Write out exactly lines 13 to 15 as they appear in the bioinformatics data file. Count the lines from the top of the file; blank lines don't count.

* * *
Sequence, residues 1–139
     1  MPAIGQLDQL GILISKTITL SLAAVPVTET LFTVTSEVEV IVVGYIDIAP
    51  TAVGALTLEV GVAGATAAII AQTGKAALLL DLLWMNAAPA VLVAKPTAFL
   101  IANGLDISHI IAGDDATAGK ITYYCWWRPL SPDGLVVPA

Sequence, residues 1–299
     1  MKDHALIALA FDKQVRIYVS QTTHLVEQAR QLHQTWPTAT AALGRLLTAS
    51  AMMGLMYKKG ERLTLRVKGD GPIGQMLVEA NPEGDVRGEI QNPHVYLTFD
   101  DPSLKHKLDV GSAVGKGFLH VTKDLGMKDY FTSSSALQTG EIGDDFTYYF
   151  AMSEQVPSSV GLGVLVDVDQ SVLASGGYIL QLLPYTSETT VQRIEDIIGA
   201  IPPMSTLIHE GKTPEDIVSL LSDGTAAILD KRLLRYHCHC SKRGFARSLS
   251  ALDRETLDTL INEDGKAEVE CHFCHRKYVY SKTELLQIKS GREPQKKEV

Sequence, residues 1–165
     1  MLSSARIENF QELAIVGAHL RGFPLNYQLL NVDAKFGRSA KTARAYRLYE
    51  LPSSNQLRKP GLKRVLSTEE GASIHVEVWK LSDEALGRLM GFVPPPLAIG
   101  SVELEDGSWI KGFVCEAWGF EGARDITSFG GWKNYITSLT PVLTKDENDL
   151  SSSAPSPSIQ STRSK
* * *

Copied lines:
     1  MLSSARIENF QELAIVGAHL RGFPLNYQLL NVDAKFGRSA KTARAYRLYE
    51  LPSSNQLRKP GLKRVLSTEE GASIHVEVWK LSDEALGRLM GFVPPPLAIG
   101  SVELEDGSWI KGFVCEAWGF EGARDITSFG GWKNYITSLT PVLTKDENDL